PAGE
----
Friday, June 26, 2015

FinCEN Enforcement Stacks the Deck in AML Compliance for Casinos and Card Clubs

June 25, 2015 - Introduction Stephanie Booker, Associate Director for Enforcement, Financial Crimes Enforcement Network (“FinCEN”), recently gave a speech at the Nevada Bar Association’s Bank Secrecy Act Conference in Las Vegas. Involved in the conference were the State Bar of Nevada’s Gaming Law Section, the American Gaming Association, and the University of Nevada–Las Vegas’ International Gaming Institute.

FinCEN is one of the Treasury Department’s primary agencies to oversee and implement policies to prevent and detect money laundering, and the only federal agency to oversee anti-money laundering (“AML”) compliance by casinos and card clubs. FinCEN polices for compliance with AML laws, including the Banking Secrecy Act (“BSA”), which requires certain reporting and recordkeeping by casinos and card clubs in an effort to prevent various financial and crimes. FinCEN works closely with the Internal Revenue Service (“IRS”) Small Business/Self-Employed Division, which is FinCEN’s delegated examiner for casinos and card clubs. The IRS refers significant violations of AML laws to FinCEN for enforcement action. FinCEN also receives referrals and coordinates its enforcement investigations with criminal law enforcement agencies, including the IRS-Criminal Investigations, the FBI, the Department of Justice’s Asset Forfeiture and Money Laundering Section, and U.S. Attorney’s Offices and state authorities, as well as other regulatory partners, including the Nevada Gaming Control Board.

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Saturday, June 20, 2015

Casinos are improving their efforts to fight money laundering, Treasury official says

By: J.D. Morris, Vegas Inc

The gaming industry’s fight against criminals who want to use casinos to disguise illegal money was front and center Thursday at the Paris resort.

There, industry leaders and government officials gathered for a conference that addressed how casinos are handling their obligations under anti-money-laundering law.

The verdict, according to one government official: Casinos have done a better job lately of reporting suspicious financial activity, but there’s still room for improvement.

Last year, the director of the Treasury Department’s Financial Crimes Enforcement Network — or FinCEN — spoke at this same Bank Secrecy Act conference and reminded the casino industry of how it needs to instill itself with a “culture of compliance” when it comes to money-laundering law.

The casino industry is listening, apparently.

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Thursday, June 18, 2015

Familiar names appear in money laundering report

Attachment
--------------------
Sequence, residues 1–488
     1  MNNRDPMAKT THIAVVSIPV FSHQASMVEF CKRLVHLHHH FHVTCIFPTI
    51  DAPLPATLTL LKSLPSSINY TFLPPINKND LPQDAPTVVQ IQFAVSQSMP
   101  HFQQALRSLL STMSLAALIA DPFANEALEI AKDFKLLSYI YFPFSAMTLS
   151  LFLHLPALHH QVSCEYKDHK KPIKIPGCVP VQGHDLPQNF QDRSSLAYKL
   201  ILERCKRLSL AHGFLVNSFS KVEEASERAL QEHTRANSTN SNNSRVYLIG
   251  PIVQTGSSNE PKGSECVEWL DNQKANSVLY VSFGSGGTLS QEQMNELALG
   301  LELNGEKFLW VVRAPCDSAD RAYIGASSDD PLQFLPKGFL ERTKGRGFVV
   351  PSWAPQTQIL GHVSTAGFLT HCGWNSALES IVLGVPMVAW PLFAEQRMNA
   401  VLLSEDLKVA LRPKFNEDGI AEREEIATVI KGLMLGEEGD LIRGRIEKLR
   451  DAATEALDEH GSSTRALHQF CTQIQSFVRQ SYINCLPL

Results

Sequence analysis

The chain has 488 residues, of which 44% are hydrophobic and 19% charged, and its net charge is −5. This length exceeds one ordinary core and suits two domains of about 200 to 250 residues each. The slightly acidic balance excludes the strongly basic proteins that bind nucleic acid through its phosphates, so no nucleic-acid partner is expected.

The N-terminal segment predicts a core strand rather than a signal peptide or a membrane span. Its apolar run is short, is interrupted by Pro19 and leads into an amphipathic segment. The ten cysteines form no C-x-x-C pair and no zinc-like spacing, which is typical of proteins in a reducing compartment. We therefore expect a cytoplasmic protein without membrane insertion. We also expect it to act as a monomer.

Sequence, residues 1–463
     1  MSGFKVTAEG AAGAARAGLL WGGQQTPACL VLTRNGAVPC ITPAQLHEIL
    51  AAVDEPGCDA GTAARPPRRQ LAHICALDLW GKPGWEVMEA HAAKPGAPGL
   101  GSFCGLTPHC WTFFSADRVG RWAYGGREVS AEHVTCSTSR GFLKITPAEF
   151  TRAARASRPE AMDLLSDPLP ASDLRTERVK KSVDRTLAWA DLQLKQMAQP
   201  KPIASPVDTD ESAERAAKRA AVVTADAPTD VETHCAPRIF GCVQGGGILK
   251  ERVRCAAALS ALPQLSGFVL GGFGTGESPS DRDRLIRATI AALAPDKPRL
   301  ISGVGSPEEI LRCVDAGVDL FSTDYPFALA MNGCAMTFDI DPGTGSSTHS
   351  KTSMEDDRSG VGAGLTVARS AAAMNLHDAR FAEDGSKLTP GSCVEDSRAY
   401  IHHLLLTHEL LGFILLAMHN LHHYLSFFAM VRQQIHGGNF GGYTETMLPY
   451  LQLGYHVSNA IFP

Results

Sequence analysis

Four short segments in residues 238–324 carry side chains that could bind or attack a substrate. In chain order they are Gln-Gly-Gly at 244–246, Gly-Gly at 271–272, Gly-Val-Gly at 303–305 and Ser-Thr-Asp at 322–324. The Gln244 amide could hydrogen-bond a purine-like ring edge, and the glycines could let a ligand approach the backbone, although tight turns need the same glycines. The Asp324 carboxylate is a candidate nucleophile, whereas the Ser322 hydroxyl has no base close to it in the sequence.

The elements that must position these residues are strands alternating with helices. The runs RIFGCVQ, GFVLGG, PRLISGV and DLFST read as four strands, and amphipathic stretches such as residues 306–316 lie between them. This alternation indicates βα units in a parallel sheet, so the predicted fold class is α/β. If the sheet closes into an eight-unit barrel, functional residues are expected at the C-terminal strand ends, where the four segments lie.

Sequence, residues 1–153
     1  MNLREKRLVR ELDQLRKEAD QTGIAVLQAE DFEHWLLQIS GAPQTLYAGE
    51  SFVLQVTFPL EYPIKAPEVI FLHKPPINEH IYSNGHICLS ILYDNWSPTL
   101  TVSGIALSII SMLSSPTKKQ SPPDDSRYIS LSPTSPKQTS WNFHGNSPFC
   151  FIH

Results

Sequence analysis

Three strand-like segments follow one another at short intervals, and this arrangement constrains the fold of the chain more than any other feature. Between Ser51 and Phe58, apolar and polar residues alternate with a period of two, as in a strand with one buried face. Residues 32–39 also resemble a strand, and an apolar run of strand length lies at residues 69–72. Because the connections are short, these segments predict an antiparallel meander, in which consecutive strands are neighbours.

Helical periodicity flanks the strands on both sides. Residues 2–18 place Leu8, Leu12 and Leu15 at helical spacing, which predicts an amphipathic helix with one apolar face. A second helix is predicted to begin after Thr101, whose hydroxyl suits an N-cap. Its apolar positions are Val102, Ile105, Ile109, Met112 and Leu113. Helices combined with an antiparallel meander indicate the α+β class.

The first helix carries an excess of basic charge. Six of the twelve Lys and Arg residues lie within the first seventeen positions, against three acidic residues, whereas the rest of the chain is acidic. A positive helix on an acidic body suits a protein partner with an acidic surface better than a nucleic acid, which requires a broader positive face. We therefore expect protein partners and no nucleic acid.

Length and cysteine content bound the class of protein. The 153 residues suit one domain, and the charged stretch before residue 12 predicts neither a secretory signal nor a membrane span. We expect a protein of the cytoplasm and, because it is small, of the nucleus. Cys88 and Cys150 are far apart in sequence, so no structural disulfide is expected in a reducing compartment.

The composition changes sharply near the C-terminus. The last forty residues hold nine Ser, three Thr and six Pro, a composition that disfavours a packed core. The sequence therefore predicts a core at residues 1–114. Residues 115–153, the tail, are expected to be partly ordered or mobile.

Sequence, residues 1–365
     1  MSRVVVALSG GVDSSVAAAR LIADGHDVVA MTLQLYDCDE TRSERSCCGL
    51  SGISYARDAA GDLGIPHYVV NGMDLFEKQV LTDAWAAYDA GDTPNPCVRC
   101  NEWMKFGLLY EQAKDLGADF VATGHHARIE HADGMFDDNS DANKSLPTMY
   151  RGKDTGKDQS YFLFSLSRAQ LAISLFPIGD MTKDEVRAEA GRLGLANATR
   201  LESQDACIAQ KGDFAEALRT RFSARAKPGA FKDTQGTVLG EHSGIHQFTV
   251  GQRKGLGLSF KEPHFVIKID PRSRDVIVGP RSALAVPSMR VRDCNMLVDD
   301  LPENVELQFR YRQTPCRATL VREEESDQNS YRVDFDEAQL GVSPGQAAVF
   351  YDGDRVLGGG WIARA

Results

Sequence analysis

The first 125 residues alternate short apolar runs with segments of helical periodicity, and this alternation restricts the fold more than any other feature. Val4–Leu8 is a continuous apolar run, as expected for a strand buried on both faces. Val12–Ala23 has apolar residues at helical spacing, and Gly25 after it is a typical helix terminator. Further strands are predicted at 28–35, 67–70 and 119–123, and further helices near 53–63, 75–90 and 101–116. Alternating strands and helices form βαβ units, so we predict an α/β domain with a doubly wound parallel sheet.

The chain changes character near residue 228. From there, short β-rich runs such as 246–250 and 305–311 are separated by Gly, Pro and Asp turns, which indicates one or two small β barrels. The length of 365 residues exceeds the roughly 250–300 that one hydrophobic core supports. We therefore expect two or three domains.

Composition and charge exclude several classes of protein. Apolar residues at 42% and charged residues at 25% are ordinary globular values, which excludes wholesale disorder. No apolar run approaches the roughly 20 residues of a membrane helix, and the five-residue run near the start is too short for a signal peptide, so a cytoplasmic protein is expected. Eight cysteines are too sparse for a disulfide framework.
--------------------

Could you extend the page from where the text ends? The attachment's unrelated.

It’s called the National Money Laundering Risk Assessment, and it’s one of those yearbooks the image-conscious folks at Gaming Inc. would rather not find their names in.

Each year the U.S. Department of Treasury issues its money laundering status report along with its National Terrorist Financing Risk Assessment in a one-two punch that helps bring the risk that illicit money changing poses to the U.S. financial system and national security into a sharper focus.

It’s neither a scandal nor a surprise that the Money Laundering Risk Assessment devotes part of its review to the casino industry as part of a section titled “Vulnerabilities and Risks: Money Laundering Methods.” With more than 1,300 casinos and card rooms in 42 states, according to the American Gaming Association, and 246 Native American tribes generating $27 billion in revenue in 2012, the stakes are high. Not surprisingly, Nevada and New Jersey casinos generated more than 40 percent of the 27,000 Suspicious Activity Reports filed in 2013.

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Monday, June 15, 2015

Treasury Department Publishes National Money Laundering Risk Assessment and National Terrorist Financing Risk Assessment

Reports Identify Key Illicit Finance Concerns to the United States; Enable the Public and Private Sectors to More Effectively Manage and Combat Illicit Finance Risks

June 12, 2015 - WASHINGTON - The U.S. Department of the Treasury today issued the National Money Laundering Risk Assessment (NMLRA) and the National Terrorist Financing Risk Assessment (NTFRA). The purpose of these assessments is to help the public and private sectors understand the money laundering and terrorist financing methods used in the United States, the risks that these activities pose to the U.S. financial system and national security, and the status of current efforts to combat these methods. In doing so, these assessments enable the U.S. Government and financial institutions to more effectively detect and combat illicit finance.

This is the first NTFRA, and the NMLRA builds and expands on a previous Treasury money laundering report issued in 2005.  The methodology for today’s reports is based on guidance set out in 2013 by the Financial Action Task Force (FATF), the international standard-setting body for anti-money laundering and counter-terrorist financing safeguards, of which the United States is a founding member.  The FATF requires all national governments to demonstrate their understanding of the money laundering and terrorist financing risks facing their financial systems.  The assessments issued today will help to inform the FATF’s ongoing review of the United States regarding our compliance with the FATF Recommendations – which are global standards focused on these issues. 

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